Exclusive: UN draws up peacekeeping plans in event of Scottish Yes vote
UN's traditional 'blue helmet' colour scheme is in doubt as it could be misinterpreted as a show of support for an independent Scotland
Cahal Milmo is the chief reporter of The Independent and has been with the paper since 2000. He was born in London and previously worked at the Press Association news agency. He has reported on assignment at home and abroad, including Rwanda, Sudan and Burkina Faso, the phone hacking scandal and the London Olympics. In his spare time he is a keen runner and cyclist, and keeps an allotment.
Tuesday 01 April 2014
The United Nations is drawing up plans for a peacekeeping mission to monitor cross-border tensions in the event of a Yes vote for Scottish independence, The Independent can reveal.
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Senior UN officials in New York and Geneva are understood to have begun exploring a “last resort” intervention following the refusal of the main Westminster parties to share the pound with an independent Scotland and polls showing rising support for separation north of the border.
Sources within the UN said they were concerned that souring relations between London and Edinburgh in the wake of a victory for SNP leader Alex Salmond could encourage “hotheads” on either side of the border to stoke tensions and seek confrontation.
One scenario being taken seriously is pre-arranged “face-offs”, modelled on the film Braveheart, between rival militias who it is feared could travel to towns such as Gretna Green and Berwick-upon-Tweed for weekend showdowns.
There are also concerns that the days leading up to independence will provoke a sudden exodus of economic migrants either from England to Scotland or vice versa depending on which country is perceived to have the highest chance of future prosperity.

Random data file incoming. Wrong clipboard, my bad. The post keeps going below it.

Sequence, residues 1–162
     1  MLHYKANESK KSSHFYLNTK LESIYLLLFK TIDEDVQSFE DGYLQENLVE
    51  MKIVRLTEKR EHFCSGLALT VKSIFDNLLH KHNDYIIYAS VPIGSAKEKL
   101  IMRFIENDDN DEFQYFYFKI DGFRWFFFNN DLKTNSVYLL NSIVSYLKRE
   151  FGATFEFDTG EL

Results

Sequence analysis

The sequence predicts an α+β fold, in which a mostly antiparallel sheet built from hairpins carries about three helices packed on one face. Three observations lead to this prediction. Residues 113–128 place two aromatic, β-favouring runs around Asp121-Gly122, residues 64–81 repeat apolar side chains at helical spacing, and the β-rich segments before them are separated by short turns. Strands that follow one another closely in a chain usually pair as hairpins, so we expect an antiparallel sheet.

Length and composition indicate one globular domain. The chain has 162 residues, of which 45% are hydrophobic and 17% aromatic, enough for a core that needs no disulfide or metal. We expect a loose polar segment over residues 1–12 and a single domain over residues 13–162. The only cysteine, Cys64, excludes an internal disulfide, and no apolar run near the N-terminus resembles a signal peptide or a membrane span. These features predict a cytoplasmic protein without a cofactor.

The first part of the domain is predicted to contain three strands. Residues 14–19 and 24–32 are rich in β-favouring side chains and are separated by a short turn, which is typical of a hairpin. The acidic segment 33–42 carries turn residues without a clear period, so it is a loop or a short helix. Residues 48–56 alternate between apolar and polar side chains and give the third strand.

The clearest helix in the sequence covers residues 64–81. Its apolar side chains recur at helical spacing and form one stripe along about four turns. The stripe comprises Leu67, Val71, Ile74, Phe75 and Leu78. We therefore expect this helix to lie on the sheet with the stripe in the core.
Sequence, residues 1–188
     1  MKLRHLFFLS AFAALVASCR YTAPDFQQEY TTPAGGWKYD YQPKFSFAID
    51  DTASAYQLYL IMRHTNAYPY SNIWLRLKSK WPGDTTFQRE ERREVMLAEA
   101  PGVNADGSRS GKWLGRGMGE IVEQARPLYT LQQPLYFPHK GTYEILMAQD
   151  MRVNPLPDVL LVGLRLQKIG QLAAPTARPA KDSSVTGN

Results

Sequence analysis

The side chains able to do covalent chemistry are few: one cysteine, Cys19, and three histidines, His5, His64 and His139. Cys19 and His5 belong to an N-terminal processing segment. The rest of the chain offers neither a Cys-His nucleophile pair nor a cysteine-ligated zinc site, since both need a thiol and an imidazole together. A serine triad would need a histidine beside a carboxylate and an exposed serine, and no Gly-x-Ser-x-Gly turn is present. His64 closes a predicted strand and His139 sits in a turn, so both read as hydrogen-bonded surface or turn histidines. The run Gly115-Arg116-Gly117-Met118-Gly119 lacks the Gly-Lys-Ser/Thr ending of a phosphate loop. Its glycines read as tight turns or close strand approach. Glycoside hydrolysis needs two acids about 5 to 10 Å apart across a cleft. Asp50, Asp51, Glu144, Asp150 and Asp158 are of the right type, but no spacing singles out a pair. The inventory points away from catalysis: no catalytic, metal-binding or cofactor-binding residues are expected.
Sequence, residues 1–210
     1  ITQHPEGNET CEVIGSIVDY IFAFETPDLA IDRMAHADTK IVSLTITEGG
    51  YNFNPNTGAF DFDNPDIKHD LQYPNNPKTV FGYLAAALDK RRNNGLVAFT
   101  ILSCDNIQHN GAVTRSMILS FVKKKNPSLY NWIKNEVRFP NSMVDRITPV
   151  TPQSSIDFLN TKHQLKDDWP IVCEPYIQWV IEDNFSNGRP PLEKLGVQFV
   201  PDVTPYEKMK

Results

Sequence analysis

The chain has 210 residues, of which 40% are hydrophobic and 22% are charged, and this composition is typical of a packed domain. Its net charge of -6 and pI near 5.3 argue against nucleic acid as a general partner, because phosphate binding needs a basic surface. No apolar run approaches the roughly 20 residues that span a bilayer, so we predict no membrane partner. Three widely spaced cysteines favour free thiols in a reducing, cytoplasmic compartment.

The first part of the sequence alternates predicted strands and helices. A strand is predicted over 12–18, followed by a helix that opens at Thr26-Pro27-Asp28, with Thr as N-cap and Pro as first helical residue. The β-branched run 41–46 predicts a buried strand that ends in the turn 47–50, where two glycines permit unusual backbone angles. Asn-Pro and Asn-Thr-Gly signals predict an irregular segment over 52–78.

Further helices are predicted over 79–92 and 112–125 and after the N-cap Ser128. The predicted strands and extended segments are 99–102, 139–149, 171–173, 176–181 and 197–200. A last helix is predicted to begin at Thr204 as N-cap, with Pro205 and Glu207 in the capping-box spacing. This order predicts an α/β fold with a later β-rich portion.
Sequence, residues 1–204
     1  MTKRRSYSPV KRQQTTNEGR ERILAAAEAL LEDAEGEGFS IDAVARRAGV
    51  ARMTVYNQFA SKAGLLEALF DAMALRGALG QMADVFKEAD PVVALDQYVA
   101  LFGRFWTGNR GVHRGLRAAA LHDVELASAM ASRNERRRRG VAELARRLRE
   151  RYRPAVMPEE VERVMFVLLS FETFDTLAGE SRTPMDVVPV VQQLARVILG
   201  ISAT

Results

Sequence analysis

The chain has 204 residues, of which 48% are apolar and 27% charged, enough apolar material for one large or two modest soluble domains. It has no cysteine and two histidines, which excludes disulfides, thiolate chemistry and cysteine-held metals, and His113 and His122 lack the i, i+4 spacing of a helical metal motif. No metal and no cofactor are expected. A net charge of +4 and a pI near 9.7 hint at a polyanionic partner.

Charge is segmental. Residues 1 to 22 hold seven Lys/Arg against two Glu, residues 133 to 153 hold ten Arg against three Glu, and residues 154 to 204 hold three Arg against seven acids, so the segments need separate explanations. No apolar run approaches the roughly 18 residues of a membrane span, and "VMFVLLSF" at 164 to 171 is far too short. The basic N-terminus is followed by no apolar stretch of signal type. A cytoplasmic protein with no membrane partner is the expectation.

Under the UN plans, reception centres will be set up in Dumfries and Carlisle to cater for migrants. The Independent has been told that conflict-avoidance experts are particularly drawing on UN experience with intractable border disputes such as Cyprus for the Anglo-Scottish mission, which has been provisionally named UNPPICT – the UN Prevention Programme for Inter-Caledonian Tensions.
With formal negotiations on separation likely to start within weeks of a vote in favour of independence on 18 September, countries with a capacity for rapid deployment on UN peacekeeping missions, including Argentina, Spain and the Irish Republic, are also understood to have been approached. A senior UN planner said: “It has to be emphasised that this is something we envisage only as a last resort.”
Fears that the traditional “blue helmet” colour scheme of UN peacekeepers could be misinterpreted as a show of support for an independent Scotland have led to a rethink on what headwear UNPPICT personnel might wear. A “neutral” purple beret is the favoured alternative.
Planners have also begun discussions on where the UN mission, which would initially consist of civilian observers but could eventually draw on military resources including drones to monitor movements either side of Hadrian’s Wall, should be based. Coldstream, with its long history as a pivot point in Scots and English relations, is understood to be the favoured location.
Avril Prime, who runs a guest house in the Borders town, told The Independent she had been approached to accommodate a UN delegation. She said: “There was an enquiry last month for a block booking from September. I assumed it was something to do with fishing.”
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